Case study - Townsville PIARN

​Case study – Department of Agriculture, Fisheries and Forestry, Australia’s Farming Future Climate Change Research Program (CCRP)

Primary Industries Master Class heads to Lansdown

A group of researchers, farmers, consultants and policy makers in primary industries visited Townsville in April to learn about the impact of climate change on the beef, sugar and horticulture industries in the region.

The Primary Industries Adaptation Research Network (PIARN) Master Class focuses on understanding how primary industries can adapt to changes in the climate, respond to significant weather events and work in harmony with significant ecosystems.

At the Master Class, participants spent a day at the Commonwealth Scientific and Industrial Research Organisation (CSIRO) Lansdown Research Station; one of five national demonstration sites established through the Department of Agriculture, Fisheries and Forestry’s (DAFF) Climate Change Research Program (CCRP).

Master Class participants heard from key researchers at the Lansdown site including CSIRO’s Dr Ed Charmley, Research Program Leader at Lansdown and Queensland University of Technology’s Associate Professor Beverley Henry.

Dr Charmley provided an overview of the Lansdown research site and the Reducing Emissions from Livestock Research Program (RELRP), which is funded by DAFF as part of the CCRP.

“The research at Lansdown feeds into a methane emissions map for the whole country specifically looking at how methane emissions from livestock in extensive grazing systems can be measured and managed,” Dr Charmley said.

“Through the RELRP, we’ve found that we can reduce methane emissions through feeding and management practices.”

“By monitoring animal movement, grazing behaviour, methane emissions and pasture characteristics, we can build a complete picture of the animal and their environments which will help cattle producers achieve improved animal health and productivity and lower methane emissions.”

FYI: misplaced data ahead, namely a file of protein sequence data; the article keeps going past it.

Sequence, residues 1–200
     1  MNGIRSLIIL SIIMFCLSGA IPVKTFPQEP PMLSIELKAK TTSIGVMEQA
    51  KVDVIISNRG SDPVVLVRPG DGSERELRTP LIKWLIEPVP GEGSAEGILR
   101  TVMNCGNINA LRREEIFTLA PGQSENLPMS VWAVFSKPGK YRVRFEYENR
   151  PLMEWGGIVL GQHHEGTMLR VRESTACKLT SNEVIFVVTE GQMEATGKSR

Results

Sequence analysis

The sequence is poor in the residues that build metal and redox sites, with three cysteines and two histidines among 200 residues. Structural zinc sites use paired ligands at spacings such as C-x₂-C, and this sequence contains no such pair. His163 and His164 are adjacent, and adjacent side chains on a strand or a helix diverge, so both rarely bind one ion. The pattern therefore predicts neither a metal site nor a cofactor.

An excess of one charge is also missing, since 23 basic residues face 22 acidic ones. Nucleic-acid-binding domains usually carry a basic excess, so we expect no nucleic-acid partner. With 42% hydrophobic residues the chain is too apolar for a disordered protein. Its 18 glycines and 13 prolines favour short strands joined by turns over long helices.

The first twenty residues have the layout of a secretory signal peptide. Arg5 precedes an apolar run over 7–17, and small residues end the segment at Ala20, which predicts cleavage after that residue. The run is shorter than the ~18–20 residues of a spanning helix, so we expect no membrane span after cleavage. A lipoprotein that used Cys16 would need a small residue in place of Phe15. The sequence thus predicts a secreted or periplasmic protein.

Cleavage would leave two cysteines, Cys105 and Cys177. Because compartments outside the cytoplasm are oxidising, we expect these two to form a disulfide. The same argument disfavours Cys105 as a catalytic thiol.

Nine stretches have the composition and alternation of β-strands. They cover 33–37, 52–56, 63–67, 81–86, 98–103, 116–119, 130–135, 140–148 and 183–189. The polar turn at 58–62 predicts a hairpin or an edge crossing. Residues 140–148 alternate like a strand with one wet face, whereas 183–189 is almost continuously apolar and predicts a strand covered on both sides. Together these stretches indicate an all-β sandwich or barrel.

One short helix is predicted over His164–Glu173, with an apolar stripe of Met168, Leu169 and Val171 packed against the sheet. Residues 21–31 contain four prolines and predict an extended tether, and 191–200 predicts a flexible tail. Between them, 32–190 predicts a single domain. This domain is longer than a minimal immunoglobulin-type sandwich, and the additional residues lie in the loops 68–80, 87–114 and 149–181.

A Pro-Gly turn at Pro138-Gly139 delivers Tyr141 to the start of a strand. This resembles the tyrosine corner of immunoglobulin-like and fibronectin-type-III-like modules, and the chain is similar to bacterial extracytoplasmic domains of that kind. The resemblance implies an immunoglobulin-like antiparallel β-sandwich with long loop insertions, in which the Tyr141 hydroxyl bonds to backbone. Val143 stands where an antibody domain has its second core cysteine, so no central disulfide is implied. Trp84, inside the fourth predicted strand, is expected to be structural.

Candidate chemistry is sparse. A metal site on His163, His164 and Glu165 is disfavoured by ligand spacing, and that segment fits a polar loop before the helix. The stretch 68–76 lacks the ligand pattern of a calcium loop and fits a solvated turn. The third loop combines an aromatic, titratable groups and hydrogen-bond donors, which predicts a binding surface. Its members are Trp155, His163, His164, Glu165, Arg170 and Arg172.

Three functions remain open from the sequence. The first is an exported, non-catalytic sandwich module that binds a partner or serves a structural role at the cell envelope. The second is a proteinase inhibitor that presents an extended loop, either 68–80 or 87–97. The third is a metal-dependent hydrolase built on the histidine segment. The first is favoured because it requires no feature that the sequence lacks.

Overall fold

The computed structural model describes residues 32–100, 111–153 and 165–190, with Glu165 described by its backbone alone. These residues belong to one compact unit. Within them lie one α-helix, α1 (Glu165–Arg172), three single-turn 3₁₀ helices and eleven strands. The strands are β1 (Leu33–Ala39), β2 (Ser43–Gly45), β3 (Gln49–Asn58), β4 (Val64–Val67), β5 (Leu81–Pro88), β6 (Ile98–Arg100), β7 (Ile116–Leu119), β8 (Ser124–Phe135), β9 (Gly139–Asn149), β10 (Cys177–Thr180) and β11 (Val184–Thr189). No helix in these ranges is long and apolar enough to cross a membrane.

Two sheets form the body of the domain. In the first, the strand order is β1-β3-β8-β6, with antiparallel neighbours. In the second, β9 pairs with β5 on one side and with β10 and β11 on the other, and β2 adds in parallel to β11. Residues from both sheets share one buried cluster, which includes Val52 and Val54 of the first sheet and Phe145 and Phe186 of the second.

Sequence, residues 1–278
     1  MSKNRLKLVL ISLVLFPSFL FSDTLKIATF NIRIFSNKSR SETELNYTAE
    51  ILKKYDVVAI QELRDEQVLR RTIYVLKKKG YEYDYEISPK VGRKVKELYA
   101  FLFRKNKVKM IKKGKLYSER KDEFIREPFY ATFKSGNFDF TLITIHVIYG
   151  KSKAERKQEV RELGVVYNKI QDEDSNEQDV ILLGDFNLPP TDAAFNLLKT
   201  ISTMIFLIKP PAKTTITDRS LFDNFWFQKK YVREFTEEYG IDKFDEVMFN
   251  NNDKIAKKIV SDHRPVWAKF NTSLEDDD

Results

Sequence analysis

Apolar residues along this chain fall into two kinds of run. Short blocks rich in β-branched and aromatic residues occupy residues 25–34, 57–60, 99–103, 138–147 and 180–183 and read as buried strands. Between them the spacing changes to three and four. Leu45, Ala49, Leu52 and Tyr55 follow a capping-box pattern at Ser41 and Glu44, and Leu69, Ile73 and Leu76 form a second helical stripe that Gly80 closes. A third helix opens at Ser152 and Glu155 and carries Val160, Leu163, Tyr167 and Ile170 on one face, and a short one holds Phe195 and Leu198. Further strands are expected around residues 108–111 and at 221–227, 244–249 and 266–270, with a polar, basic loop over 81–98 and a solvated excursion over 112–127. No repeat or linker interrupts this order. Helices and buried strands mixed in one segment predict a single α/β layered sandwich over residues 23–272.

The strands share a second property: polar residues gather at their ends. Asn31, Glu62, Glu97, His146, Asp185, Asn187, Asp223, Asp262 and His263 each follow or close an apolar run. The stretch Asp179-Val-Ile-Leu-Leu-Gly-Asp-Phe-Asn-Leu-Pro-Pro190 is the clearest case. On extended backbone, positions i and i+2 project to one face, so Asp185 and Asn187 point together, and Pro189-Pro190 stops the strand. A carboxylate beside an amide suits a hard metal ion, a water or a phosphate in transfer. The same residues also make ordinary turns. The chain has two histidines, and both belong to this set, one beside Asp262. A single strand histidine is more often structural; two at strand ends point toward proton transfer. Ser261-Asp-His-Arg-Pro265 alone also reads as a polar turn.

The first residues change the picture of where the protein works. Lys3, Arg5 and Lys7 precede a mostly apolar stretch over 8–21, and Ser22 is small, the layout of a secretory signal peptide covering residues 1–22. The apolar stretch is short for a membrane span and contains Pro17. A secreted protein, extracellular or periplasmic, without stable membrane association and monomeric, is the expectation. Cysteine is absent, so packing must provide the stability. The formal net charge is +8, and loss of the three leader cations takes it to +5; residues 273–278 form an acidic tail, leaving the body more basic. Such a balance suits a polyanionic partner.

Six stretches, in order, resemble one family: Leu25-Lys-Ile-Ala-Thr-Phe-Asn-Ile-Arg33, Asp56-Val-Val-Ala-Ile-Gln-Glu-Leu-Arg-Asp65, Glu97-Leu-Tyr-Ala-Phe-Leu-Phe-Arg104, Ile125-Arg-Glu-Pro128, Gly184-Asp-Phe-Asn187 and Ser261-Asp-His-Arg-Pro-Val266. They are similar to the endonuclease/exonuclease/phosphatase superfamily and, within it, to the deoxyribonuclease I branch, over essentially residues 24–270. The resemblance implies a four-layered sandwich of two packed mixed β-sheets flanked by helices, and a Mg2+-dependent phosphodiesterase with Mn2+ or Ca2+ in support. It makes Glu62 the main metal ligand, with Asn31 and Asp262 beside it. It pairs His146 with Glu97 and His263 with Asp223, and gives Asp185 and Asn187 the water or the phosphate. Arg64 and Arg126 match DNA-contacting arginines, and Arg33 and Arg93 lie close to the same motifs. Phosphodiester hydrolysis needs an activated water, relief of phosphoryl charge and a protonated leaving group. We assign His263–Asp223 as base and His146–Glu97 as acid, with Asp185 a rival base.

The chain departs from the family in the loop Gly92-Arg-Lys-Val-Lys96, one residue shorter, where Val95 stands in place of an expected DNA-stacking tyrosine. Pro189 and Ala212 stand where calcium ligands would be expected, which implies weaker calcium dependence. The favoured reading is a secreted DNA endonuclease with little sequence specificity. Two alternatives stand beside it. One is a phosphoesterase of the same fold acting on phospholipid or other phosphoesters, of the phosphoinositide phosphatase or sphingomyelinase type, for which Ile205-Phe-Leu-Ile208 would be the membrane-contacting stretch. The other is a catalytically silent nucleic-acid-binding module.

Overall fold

Participants toured the Lansdown site and methane measurement chambers to understand the system from chamber to paddock scale.

Holbrook, NSW Angus producer, Lucinda Corrigan, said it was good for researchers and farmers not familiar with farming in this tropical environment to hear the differences between northern and southern beef production systems.

“It was fascinating to see the paddock and laboratory-scale work in the animal house, which are quantifying emissions with Bos Indicus cattle. The results of these studies will provide the information for producers to improve productivity and reduce emissions in the future,“ said Ms Corrigan.

North Queensland beef producer Roger Landsberg and his partner Jenny own and manage the family property ‘Trafalgar’ 60 kms southwest of Charters Towers and Roger spoke with the PIARN group at Landsdown.

A third generation beef producer, Mr Landsberg is passionate about sustainable management and has been a keen advocate in this field since 1986. As the inaugural chairman of Dalrymple Landcare Committee, the first Landcare committee in an extensive grazing area in Australia and subsequent sub-catchment groups, Mr Landsberg and others set about identifying solutions to land degradation issues in North QLD.

Mr Landsberg has trialled and adopted many management practices that have led to increased production benefits with improved environmental outcomes.

“At Trafalgar, we are continuing to improve herd productivity, while improving bio-diversity outcomes and reducing CO2 emissions while remaining profitable — a challenging juggling act,” Mr Landsberg said.

“Producing beef in a competitive global market with increasing cost and regulatory pressures is increasingly challenging due to consumer and community demands for increased food safety and improved environmental management.

This is compounded by the fact that north eastern Australia has some of the most variable climate on the planet and the Burdekin is a Great Barrier Reef catchment, with associated down-stream responsibilities.

Having the group of researchers and farmers come to Landsdown really gives people a good perspective on the environment we are working in.  It was a pleasure to be able to talk about a number environmental and production gains we’ve worked hard on to achieve,” said Mr Landsberg

Ends


About Australia’s Farming Future: Climate Change Research Program

The Australian Government’s Australia’s Farming Future: Climate Change Research Program is a significant research effort aimed at providing practical solutions for our primary industries to adapt to the changing climate.  The Climate Change Research Program (CCRP) has provided funding for key research projects and on-farm demonstration activities under the three priority areas of reducing greenhouse gas emissions, improving soil management and research into adaptation management practices.

The CCRP has laid the vital groundwork for further research, demonstration and extension that will now occur through the Australian Government’s $429 million Carbon Farming Futures Program.

For further information on the CCRP or any of the funded projects, please phone 1800 638 746 or visit the Australia's Farming Future on the website.

This case study is part of a series produced by the Department of Agriculture, Fisheries and Forestry as part of the Climate Change Research Program (CCRP).

 


 

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